Emilie was the daughter of Elizabeth and Robert Todd of Lexington, Kentucky. Her father had 14 children by two wives. Among Emilie's half sisters was Mary Todd Lincoln who would become First Lady of the United States a few years after this portrait of Emily was taken.
"This dairy is missing. Most historians believe that Emilie burned it just before she died because it contained 'too much bitterness.' "
"Historians should read this text with a critical eye, as it was written and published decades after the war. Emilie...carefully crafted the image of the Todds and Lincolns that she showed the world in the postwar period. Some stories in this book, when compared to other sources and historical fact, ring true; others do not." Angela Esco Elder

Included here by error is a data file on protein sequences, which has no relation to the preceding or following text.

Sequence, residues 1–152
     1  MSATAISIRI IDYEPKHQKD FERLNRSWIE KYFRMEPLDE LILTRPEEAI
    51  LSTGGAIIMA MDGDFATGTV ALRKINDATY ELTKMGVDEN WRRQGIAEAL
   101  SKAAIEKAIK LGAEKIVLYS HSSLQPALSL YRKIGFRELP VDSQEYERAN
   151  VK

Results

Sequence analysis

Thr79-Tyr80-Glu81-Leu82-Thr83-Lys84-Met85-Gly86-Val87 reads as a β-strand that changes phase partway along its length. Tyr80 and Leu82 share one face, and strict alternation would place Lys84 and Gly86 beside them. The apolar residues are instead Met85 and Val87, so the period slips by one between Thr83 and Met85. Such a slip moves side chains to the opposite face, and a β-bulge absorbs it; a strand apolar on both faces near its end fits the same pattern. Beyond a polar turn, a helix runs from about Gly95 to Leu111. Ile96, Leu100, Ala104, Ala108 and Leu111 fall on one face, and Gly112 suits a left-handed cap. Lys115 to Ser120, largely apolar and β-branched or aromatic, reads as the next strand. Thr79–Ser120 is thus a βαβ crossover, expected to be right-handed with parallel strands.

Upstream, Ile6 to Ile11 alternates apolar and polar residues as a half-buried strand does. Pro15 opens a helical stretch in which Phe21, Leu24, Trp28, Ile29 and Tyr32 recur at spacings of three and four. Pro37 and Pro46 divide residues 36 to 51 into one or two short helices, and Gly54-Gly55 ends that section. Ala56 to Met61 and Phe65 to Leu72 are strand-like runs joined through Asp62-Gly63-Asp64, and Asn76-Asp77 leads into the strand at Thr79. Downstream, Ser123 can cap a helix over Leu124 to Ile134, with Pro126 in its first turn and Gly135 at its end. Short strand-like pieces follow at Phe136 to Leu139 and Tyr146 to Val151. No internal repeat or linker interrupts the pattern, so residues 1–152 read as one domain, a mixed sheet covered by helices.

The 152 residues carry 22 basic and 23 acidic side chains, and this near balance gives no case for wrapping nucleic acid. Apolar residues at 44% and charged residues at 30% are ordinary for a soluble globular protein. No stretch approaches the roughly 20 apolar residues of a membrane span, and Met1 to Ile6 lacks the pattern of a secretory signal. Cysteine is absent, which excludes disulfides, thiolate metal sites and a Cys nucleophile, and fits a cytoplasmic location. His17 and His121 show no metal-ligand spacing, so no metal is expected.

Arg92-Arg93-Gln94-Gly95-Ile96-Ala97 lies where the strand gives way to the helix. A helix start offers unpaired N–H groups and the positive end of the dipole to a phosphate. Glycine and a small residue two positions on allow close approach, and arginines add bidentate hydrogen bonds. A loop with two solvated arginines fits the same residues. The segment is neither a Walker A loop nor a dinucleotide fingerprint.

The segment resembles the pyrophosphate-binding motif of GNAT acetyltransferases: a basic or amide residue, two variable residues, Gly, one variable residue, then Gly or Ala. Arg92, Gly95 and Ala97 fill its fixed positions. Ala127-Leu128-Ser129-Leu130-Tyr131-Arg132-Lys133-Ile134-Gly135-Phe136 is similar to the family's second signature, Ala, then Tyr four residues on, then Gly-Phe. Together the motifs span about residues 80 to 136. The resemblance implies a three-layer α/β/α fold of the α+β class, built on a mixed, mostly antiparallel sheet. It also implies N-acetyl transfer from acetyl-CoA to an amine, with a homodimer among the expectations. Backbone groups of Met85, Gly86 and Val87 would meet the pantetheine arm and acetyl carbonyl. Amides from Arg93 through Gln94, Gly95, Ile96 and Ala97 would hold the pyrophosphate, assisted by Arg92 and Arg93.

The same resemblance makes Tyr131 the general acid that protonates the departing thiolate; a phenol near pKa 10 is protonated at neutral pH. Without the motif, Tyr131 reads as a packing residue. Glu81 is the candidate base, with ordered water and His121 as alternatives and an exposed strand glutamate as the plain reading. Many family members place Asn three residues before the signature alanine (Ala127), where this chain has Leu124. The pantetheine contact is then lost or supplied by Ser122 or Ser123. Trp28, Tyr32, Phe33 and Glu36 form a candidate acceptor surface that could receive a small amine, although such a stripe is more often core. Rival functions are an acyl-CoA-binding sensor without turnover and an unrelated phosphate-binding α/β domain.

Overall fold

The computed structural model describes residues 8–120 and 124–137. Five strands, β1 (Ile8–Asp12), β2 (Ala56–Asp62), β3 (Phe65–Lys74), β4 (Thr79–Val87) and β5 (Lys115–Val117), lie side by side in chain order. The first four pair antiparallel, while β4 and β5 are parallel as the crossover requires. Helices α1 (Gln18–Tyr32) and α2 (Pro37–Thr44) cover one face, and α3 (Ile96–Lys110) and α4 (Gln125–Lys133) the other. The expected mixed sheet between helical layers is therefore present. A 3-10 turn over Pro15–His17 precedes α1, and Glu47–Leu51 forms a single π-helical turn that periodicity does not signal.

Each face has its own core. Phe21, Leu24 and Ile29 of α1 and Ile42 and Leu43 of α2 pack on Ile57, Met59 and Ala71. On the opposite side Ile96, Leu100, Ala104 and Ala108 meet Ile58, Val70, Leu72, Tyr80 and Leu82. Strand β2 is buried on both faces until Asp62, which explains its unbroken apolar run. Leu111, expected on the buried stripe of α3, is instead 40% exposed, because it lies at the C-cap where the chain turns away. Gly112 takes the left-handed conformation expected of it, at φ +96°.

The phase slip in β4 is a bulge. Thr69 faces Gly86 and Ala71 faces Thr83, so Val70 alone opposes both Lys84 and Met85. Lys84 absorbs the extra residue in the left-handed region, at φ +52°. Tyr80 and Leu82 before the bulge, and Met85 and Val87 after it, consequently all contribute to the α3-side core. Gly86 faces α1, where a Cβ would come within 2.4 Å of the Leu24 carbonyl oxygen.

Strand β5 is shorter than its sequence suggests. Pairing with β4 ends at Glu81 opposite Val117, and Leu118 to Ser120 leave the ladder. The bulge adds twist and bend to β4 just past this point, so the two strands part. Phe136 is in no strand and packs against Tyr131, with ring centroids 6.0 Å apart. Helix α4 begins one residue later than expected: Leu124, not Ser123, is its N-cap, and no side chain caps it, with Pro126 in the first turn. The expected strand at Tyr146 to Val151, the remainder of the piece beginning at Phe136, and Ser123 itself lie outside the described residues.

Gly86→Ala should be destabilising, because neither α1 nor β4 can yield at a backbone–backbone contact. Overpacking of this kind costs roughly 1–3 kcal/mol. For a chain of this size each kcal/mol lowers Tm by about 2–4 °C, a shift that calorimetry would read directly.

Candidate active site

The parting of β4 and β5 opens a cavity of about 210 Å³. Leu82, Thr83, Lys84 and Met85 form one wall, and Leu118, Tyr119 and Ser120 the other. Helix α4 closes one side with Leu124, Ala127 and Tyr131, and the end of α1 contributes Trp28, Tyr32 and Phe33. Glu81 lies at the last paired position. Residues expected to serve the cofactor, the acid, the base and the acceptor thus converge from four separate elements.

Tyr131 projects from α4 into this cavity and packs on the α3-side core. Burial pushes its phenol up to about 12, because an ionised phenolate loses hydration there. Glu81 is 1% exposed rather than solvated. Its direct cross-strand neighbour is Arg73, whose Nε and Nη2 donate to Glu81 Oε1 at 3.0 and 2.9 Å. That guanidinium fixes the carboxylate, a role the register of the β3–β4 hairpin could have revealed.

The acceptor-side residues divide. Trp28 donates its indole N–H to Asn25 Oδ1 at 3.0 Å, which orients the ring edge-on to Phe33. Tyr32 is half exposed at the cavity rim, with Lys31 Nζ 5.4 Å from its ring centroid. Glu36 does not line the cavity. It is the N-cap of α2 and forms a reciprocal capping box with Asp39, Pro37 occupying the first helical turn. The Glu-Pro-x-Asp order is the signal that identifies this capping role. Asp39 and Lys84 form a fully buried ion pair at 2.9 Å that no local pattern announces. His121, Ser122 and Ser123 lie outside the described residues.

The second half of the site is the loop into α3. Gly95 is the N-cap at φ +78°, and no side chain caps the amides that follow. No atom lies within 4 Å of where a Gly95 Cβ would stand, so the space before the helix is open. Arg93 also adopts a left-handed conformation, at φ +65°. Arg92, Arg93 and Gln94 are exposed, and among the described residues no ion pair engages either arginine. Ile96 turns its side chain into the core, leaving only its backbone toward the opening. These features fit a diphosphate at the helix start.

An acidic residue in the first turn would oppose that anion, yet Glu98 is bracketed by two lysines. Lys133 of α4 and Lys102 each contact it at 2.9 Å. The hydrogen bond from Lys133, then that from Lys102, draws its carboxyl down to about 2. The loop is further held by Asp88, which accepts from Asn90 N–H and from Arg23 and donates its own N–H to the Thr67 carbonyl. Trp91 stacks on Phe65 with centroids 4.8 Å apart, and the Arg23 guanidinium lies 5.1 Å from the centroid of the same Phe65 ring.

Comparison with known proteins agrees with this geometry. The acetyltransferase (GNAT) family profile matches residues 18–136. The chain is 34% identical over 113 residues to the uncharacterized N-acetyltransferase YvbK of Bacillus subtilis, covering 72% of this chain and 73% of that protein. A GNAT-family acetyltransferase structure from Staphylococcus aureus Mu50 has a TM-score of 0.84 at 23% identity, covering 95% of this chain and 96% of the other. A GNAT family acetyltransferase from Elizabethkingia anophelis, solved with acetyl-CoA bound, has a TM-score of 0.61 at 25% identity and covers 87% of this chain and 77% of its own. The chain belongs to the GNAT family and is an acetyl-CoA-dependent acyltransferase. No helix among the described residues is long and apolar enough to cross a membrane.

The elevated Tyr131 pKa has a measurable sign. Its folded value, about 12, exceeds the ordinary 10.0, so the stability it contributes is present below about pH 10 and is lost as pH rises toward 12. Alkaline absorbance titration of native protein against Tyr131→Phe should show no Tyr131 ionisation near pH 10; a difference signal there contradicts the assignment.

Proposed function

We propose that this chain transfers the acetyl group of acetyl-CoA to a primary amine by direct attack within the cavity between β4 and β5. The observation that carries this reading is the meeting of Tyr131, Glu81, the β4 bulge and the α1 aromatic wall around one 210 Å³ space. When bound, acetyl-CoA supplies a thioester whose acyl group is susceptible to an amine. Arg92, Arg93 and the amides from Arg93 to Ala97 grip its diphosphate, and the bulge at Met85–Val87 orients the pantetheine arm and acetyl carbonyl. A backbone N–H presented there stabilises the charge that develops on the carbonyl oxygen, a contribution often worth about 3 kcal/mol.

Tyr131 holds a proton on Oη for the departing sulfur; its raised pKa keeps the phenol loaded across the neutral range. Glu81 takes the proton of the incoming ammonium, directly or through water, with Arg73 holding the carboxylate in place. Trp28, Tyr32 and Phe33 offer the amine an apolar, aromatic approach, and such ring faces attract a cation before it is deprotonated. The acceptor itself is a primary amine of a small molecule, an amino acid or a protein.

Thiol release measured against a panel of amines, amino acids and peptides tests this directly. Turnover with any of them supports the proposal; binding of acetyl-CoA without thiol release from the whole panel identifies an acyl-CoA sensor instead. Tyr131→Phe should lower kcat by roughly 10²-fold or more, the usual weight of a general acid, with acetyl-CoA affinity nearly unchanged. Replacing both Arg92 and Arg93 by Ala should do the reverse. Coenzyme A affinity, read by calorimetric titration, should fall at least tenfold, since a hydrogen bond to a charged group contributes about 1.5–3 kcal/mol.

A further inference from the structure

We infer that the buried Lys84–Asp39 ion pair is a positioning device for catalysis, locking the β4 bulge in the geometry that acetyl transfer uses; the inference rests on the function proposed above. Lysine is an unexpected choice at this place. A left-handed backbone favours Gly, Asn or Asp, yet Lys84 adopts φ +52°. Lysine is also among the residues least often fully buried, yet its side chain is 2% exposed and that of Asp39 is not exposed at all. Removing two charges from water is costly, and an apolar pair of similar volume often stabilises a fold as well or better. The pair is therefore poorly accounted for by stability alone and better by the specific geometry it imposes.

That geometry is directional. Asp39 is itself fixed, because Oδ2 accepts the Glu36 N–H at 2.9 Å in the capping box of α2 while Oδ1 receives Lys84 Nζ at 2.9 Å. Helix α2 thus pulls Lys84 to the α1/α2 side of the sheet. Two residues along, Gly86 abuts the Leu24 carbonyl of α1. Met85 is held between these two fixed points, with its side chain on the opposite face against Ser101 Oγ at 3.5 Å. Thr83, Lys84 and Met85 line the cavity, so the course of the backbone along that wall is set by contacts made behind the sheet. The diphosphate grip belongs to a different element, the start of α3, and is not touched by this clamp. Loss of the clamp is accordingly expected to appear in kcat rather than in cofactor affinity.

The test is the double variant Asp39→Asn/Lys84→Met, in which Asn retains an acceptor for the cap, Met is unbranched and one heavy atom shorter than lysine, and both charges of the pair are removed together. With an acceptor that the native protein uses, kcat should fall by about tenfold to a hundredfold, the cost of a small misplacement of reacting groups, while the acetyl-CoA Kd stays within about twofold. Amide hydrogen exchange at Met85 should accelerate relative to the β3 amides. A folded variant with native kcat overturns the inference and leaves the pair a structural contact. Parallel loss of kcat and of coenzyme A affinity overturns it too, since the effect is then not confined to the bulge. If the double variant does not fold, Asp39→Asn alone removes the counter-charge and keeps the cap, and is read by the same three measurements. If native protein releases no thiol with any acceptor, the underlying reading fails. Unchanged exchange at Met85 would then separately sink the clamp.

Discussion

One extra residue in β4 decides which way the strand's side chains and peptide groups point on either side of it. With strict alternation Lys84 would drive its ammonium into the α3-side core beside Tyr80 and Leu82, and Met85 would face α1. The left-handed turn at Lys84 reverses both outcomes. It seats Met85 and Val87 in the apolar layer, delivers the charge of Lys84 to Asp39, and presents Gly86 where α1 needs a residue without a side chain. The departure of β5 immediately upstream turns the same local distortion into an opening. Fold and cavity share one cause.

Embellished to support the myth of the Lost Cause or not Emilie's loss of a loved husband was a tragedy. The Todds suffered many.
The Kentucky Museum owns an embroidered all-white counterpane attributed to Miriam Elmina Helm (1777-1868), shown in a current exhibit curated by Laurel McKay Horton, Margaret T. Ordoñez & Kate Brown. Whitework: Women Stitching Identity is up until November 20, 2021.
Elizabeth Pendleton Hardin (1839-1895) was first cousin to Emilie's husband Ben Hardin Helm.
"We found Hardin Helm's grave in a private lot, covered with the withered fragments of what had once been fresh flowers, placed there by some unknown hand."